I think it’s fair to say that England’s only goal of the game has, in some ways, been overshadowed slightly by the post-goal celebration.
After Sturridge knocked the ball into the net, everyone went nuts – we’d just equalised! I’m sure that more than a few pints were knocked over and cheeks were kissed across the country, but it seems the celebration was just as ferocious over in the dug out. In fact, England’s physio, Gary Lewin, celebrated so hard that he injured himself! Reports released in the few days following the game have informed us all that during the frivolities, immediately after Sturridge scored, Lewin tripped over a stray water bottle and dislocated his ankle.
Standing in the sidelines, or in the dug out, close to the action can be a dangerous place, it seems. Linesmen getting run into, camera men falling casualty to a stray ball or player and many a manager has landed themselves in hot water for their conduct at the side of the pitch.
The problem with standing that close to everything is that you can very easily get caught up and swept along. Now, don’t get me wrong, the electric atmosphere is what makes a football game so much fun, but it obviously comes with its hazards and limitations.
As project managers, we can’t see everything when we’re right down there in the detail of our projects, standing with our toes touching the sidelines – our view is limited and as a result, our perspective can end up a little limited too.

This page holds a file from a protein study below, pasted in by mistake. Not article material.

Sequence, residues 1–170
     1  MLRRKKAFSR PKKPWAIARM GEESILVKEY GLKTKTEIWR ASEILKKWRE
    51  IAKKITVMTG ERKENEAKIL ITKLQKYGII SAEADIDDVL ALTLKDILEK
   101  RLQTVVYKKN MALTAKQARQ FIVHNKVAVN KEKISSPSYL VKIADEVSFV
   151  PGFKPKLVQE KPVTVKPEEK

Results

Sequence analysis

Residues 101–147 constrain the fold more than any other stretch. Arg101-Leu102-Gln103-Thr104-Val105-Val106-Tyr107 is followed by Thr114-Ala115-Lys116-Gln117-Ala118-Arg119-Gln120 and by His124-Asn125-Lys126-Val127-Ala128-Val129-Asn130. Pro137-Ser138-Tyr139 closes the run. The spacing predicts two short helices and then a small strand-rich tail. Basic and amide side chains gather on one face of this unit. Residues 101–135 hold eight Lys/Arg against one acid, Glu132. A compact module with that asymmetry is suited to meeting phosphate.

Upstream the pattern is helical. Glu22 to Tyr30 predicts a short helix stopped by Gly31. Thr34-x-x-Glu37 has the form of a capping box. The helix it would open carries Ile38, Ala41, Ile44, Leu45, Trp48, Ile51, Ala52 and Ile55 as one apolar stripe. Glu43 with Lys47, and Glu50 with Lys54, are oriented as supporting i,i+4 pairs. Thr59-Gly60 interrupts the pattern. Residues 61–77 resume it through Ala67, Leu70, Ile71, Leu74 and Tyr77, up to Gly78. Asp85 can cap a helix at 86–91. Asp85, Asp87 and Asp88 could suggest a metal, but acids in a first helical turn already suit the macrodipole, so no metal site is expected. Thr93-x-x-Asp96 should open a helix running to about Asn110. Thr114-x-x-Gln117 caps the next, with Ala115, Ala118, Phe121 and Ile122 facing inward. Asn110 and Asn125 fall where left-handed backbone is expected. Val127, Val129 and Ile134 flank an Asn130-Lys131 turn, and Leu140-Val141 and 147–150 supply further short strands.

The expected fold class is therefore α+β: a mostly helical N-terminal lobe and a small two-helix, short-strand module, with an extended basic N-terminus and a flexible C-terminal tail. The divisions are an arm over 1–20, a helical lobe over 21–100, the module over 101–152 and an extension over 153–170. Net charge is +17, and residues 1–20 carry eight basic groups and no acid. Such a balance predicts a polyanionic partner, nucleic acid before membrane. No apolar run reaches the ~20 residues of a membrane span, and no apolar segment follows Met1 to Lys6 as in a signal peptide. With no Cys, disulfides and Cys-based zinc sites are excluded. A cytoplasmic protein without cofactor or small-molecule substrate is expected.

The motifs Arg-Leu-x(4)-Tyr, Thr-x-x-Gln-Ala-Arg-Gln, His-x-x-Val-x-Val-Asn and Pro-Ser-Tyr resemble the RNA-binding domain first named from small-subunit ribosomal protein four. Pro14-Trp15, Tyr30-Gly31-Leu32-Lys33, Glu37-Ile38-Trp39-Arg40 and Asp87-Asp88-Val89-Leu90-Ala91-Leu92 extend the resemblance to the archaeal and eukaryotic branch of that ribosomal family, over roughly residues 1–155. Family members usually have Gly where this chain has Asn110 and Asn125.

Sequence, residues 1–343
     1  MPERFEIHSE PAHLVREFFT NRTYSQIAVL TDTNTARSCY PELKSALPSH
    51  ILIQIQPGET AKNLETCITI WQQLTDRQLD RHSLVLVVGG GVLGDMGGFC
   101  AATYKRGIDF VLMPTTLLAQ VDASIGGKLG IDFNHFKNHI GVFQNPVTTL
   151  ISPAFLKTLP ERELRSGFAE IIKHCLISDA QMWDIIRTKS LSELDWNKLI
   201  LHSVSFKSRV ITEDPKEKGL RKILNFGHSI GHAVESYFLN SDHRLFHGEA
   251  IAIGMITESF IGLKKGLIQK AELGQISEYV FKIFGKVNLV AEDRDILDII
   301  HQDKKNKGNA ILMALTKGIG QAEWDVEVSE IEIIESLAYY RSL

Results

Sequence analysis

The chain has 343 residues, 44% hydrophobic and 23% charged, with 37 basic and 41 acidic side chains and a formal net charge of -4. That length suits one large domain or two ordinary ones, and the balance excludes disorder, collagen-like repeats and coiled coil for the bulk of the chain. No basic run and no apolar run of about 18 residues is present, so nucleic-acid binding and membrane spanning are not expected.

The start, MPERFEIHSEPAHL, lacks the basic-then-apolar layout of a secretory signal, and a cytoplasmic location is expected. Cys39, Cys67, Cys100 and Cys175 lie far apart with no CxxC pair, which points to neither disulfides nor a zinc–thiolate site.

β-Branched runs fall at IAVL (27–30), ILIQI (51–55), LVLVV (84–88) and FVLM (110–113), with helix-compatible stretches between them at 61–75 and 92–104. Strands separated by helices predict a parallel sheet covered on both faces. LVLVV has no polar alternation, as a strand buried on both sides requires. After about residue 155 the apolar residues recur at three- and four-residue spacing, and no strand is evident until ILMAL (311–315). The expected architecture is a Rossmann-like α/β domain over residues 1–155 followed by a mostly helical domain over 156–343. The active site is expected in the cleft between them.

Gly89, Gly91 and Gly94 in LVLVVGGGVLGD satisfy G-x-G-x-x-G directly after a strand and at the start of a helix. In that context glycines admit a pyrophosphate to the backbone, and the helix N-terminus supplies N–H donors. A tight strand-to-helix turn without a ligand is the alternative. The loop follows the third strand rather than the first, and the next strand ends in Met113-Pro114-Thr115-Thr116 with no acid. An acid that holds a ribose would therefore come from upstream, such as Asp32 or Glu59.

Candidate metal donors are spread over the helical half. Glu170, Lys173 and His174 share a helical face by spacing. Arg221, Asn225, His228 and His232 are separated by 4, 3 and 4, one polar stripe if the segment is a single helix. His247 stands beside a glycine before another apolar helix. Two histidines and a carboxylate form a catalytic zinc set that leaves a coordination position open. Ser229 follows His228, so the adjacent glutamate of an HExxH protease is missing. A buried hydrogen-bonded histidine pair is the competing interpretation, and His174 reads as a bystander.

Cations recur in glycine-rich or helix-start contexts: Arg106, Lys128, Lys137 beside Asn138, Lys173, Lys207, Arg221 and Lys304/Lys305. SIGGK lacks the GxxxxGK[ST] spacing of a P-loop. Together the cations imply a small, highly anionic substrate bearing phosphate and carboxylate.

Removing ourselves, not permanently, but definitely regularly, from the pitch provides us with the chance to view our project from a different perspective.
This last week I’ve had a few days enforced viewing from the stands – I’ve been off sick with a bug. But getting back in to things today, catching up on e-mails, meeting packs etc., I’ve got a much clearer perception of how things are progressing than I had before I went off.
That will allow me to make a few small changes to tactics and approaches to ensure we deliver the wider result we need. When was the last time you, or someone you trust, took the ‘helicopter view’ of your project?
You see, it’s only once we’ve stepped back from the pitch that we’re better positioned to see the game as whole, the big picture for our project, and possibly spot things that we’d never noticed before – maybe it’s a spot of sabotage, or it could be a different way of playing our team.
Whatever it is, it’s very hard to see it whilst you’re caught up working in your project, right on the pitch.
You don’t want to end up like Gary Lewin, now, do you?